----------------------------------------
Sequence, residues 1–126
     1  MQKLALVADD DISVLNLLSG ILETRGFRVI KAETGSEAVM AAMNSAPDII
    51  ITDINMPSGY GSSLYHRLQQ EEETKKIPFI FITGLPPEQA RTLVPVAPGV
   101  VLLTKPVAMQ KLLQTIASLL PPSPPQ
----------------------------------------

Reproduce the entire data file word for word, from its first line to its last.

Sequence, residues 1–126
     1  MQKLALVADD DISVLNLLSG ILETRGFRVI KAETGSEAVM AAMNSAPDII
    51  ITDINMPSGY GSSLYHRLQQ EEETKKIPFI FITGLPPEQA RTLVPVAPGV
   101  VLLTKPVAMQ KLLQTIASLL PPSPPQ